Adapting the Blues Harmonica to play Ska music – by a rock musician.
About 10 years ago I met a famous ska musician. It wasn´t my first time meeting a famous person since I have played in some pretty big rock festivals and sometimes you get a chance to chat with the odd superstar, but the funny thing this time was that it wasn´t after a concert or in the backstage of some stadium, but at a BBQ party.
I live in Valencia, Spain, and when you live in a culture where you are the minority, usually the minority likes to get together and mingle. As an example of what I mean: I used to live in Japan and a friend of mine once had dinner with Van Halen because he happened to be in the same restaurant in Nagoya and VH had been in the country for 2 weeks and were starved for conversation with someone in English. In my case, since the musician in question and I were both resident foreigners, we ended up at the same social event because the expat community in Valencia is a small world and it was bound to happen sooner or later.
Since I´m mostly a “rock guy”, I wasn´t star-struck at all when this tough-looking, shaved-headed, tattooed older dude with tree-trunk arms introduced himself from behind really dark shades as “Bucket” from a band called The Toasters. Apparently they were some sort of old-school ska band from way back in 1981 in New York, one of the originals for the genre, and in the world of ska they really meant business.
But not knowing the world of ska and never having heard of The Toasters in my life beyond the flying ones from early versions of Microsoft Windows, I proceeded (still unimpressed fame-wise) to have a regular ´ol conversation about how good the chicken spices were, the amazing quality of the inexpensive local Spanish wine and what a nice Villa the party was being held in. I guess I babbled on about my band a bit since I knew he was supposed to be somebody in the music industry (and hey…you never know), but really we just enjoyed a few beers at a backyard BBQ.
I later learned that The Toasters do indeed mean business in the world of ska. Since 1981, they had played over 4500 concerts across just about every continent (by now approaching 5500 shows I´m sure). They manage all their own touring and booking and/or outsource work to trusted agencies as needed in different countries around the world. The real key, he told me, was to play as much as possible. What good is it being a musician if you aren’t out playing all the time? When you play a lot, you get really good and you come back to the same places again and again, each time drawing more and more people. It is the roadmap to building a career without a major label.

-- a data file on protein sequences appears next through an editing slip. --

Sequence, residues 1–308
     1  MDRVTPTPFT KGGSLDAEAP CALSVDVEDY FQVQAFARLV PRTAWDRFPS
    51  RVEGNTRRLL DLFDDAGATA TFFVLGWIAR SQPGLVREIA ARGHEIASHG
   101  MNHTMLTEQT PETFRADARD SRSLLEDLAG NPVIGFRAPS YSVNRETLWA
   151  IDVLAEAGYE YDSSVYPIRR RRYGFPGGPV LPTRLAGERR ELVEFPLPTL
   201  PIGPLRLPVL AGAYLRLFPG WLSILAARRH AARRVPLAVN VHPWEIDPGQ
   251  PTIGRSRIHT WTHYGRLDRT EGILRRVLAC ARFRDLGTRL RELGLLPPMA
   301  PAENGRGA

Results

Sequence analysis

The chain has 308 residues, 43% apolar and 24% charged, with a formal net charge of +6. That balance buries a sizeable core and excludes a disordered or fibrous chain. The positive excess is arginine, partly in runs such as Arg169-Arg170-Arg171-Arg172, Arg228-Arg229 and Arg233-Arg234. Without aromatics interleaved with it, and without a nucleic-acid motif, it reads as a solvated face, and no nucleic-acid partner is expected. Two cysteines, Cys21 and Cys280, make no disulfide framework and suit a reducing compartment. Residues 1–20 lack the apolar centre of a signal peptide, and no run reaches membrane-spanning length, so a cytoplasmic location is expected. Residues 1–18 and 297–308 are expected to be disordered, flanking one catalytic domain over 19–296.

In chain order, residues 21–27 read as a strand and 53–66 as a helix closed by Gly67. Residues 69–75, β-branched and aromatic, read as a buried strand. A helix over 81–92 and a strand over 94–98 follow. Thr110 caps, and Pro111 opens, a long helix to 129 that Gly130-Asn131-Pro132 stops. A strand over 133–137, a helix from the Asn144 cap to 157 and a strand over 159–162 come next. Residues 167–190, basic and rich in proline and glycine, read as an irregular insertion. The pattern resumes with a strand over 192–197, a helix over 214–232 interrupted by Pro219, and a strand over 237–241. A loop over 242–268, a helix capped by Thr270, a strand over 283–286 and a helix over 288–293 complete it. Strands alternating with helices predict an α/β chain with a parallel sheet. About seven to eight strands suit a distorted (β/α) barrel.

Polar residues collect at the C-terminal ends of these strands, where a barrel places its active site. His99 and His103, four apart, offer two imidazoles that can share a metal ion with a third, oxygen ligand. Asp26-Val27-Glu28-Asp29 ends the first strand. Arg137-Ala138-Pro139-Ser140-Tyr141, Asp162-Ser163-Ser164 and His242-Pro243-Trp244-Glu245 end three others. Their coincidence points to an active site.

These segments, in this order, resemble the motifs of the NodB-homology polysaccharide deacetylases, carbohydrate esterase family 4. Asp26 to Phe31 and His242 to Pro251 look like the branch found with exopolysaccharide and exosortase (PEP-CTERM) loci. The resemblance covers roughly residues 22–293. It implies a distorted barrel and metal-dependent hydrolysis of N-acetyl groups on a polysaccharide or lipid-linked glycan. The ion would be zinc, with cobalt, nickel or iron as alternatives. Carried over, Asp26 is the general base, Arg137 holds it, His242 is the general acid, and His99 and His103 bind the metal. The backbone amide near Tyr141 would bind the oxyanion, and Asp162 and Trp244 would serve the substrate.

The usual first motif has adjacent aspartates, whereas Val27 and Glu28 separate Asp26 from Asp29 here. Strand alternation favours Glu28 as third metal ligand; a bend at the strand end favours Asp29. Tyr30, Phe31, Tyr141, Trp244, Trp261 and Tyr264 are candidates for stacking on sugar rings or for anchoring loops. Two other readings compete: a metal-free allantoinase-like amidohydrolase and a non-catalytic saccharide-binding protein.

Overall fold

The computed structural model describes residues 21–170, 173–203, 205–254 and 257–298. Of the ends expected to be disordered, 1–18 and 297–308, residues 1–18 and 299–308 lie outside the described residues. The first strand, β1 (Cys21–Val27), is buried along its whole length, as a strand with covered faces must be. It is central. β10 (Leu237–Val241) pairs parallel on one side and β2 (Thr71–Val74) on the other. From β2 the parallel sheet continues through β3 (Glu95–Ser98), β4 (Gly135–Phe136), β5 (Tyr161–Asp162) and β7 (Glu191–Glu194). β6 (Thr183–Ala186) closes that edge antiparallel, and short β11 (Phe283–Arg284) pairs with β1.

By the time I met Bucket, he´d had the whole thing down to a science for a while. I think in another time period he would have made a great logistics officer in the Roman army. He knew exactly what size of room to book in each city along the tour route (wherever in the world he happened to be touring) and he´d fill each one, large or small. He would even plan shipments of T-shirts and Vinyl merchandise to be waiting for the band in a specific city halfway through the tour so they could re-supply and continue on. As someone who has a hard time even booking a single show on his own, I found this to be simply awesome.
Anyway, Bucket and I got to talking about ska music and he told me that back in the day he used to play with a harmonica player. I was surprised but he said that in fact it was a more typical instrument in early ska than you would expect. I certainly had never heard of it, but then I had never heard of The Toasters either. Although I am now mostly a singer and guitar player, my first love was the harmonica and I´ve been playing blues and rock harp for years. So I started to think more seriously about ska harmonica – or I guess that would be the “skarmonica”.
Being a rock musician with no real previous knowledge of ska, I at first found it hard to believe was that this simple style of music with its backwards rhythm and quaint little melodies could be so infectious. I certainly didn´t “get it” at the time and was mystified at how it could be so successful. Then I went to my first Toasters concert and I changed my way of thinking pretty quickly. Ska was magnificent, I realized, and relied heavily on groove and a sort of reggae-punk rock attitude that made the whole room just want to dance and keep dancing. Of course the Toasters songs were all classics (although I didn´t know it at the time or recognize a single one) and I couldn´t help letting the bass, the orchestrated horn section and the off-beat rhythm get me moving on the dance floor.